The Pitches – “Impressive.”
Commissioning editors for Channel4, the BBC, Heads of Industry, Special Projects, Project Directors for RDAs, and more, all arrived on the final day. For me, seeing the seven pitches was an inspiring event. The diversity was incredible, but the depth to which each avenue had been examined, and the sheer amount of thought that had gone into the concepts was astounding. People who claimed to be non-gamers on Sunday were now explaining the reasons for their mechanics (and doing a very good job of it) in a pretty daunting situation…and they were talking a lot of sense.
Each team had seven minutes to pitch their game to the panel. I’m used to talking games to internal parties and specialist press, all of whom are interested in not only the high-level aspects of the games, but also the minutiae; the technology behind it, the detail, so pitching a game concept in seven minutes seemed like a difficult proposition. We pitched it in five. And then someone said they were interested in funding it…go figure.
I went into the Lab with a deliberate aim to not get anything tangible out of it. I wanted contacts, inspiration, refreshment, and an idea of what was going on in the wider world. All of a sudden I have a game concept with a large amount of positive feedback from many people. The fact that there was an interest in funding the project means I have to present the concept to Juice Games and THQ; I have a responsibility to propagate the idea. It’s innovative and a little bit leftfield, but it’s also unique and viable, and came from a very unusual source – a crossover team.
So exactly what am I taking away from the Crossover Play experience?
· The importance of finding a common language. I’m not just talking co-ordinate systems, units of measurement, art compared to code, or Mac versus PC; I mean a language without jargon, and a language of patience and making an effort to understand and make oneself understood. The result is more than worth the struggle.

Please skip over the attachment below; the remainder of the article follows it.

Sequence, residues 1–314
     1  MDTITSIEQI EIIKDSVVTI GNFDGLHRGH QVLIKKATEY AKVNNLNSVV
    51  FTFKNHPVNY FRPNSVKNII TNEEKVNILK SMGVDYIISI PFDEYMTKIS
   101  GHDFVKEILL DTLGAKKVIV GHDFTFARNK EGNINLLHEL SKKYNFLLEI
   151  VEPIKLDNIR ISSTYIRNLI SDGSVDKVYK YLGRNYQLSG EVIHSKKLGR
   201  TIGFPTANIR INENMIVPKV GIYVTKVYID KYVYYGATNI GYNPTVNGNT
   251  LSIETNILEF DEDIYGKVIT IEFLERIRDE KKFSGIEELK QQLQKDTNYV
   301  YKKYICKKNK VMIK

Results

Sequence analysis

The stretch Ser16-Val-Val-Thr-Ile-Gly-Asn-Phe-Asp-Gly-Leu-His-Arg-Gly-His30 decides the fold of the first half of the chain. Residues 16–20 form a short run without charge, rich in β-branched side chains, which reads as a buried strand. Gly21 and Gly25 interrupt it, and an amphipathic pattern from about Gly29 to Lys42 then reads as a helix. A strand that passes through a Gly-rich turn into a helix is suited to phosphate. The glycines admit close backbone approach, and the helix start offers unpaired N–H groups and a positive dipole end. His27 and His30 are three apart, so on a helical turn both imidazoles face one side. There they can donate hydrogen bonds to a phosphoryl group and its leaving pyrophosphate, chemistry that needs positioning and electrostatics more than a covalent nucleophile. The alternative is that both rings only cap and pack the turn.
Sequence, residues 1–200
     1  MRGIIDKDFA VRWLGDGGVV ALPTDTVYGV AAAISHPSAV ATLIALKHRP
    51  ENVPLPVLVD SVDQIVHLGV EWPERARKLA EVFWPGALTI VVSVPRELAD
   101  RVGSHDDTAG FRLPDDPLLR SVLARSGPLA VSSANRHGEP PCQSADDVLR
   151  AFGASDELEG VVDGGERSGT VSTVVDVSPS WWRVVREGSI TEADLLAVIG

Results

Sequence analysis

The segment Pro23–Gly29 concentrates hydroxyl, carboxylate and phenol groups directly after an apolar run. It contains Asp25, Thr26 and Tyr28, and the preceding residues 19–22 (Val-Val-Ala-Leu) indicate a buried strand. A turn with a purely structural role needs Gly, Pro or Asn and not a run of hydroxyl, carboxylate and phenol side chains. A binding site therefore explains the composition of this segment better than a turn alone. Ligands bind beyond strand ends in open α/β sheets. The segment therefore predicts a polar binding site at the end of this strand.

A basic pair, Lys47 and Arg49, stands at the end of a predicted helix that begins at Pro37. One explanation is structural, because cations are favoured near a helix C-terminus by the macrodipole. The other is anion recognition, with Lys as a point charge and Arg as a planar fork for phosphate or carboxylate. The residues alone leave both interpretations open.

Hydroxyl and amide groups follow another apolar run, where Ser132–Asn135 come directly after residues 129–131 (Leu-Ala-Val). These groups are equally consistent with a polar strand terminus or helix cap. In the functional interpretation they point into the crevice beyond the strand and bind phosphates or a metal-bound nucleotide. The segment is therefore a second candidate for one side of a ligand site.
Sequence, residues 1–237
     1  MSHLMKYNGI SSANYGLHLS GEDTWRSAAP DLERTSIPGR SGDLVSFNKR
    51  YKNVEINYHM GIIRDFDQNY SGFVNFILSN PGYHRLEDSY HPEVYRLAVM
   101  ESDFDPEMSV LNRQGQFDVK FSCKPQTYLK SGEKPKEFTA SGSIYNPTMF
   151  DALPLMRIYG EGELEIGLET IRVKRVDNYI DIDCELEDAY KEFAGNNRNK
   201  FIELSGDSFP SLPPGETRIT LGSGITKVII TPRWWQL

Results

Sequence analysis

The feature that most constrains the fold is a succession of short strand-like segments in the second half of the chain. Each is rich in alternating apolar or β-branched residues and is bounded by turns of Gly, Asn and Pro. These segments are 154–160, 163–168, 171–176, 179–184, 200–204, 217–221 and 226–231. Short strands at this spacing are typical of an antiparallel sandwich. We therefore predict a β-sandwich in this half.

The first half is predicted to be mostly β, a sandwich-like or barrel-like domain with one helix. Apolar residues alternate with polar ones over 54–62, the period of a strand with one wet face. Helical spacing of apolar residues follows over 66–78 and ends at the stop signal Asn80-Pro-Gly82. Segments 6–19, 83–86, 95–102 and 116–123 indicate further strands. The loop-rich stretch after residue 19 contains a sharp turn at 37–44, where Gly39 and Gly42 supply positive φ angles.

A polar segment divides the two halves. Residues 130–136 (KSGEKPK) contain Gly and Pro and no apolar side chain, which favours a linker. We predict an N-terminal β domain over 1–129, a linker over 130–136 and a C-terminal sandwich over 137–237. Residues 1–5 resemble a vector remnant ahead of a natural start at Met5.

· It’s not just the idea, it’s the perspective. Take two or more ideas that sound similar, dig beneath the surface and hopefully find that there are completely different perspectives to be had depending on the people involved.
· Expectancy theory holds true yet again. Effort, performance and reward are inextricably linked. Only attend a Crossover Lab if you believe in putting in the effort. There were several days which ran from 9am to the small hours, but this was mainly due to the attitude of those involved; everyone was there to get as much from the experience as possible.
· There are some amazing people out there. Regardless of background, the level of contribution was quite remarkable. There was heated discussion at times, but no ‘Apprentice’-style egoistic episodes. In truth, a lot of the constructive abrasion was smoothed over by finding the ‘common language’ described above. Any residual heat was a bi-product of people striving to achieve the best possible results.
· Everything is ‘IMHO’. It’s OK to tell people your opinion. It’s OK to tell people what you think. But often there is no exclusively-right answer. It’s important, especially when talking to people from a non game-development background, to continually remind oneself that everything is subjective. Yes, there are guidelines, and yes, there are things that have worked in the past, but this doesn’t necessarily mean that they will be right in the future. Personally I think the Lab could have benefitted from more delegates from the game development community in order to provide differing insights and perspectives – hopefully more will take the opportunity to attend in the future. It’s all about providing a balanced view, so tell everyone to assume that every sentence uttered is preceded by a virtual ‘IMHO’. Humble or honest, either will do.
Crossover Play, through intensity, method, and variety, induced some kind of Stockholm syndrome in a Country House Hotel. It could easily have been chaos, but the mentors guided (rather than managed) events towards a common goal. There were definite, recognisable, and effective tools and techniques being employed, but in a subtle and jargon-free way so as not to alienate the previously uninitiated. Every individual I spoke to came away exhausted, enlightened, and with a sense of shared experience that will hopefully ensure future communication, if not collaborations. There was a sense of instant nostalgia as the Lab drew to a close, and a feeling that something very worthwhile had just happened. Massively useful, thoroughly enjoyable, and highly recommended; probably best experienced as a complete stranger. That’s IMHO, of course.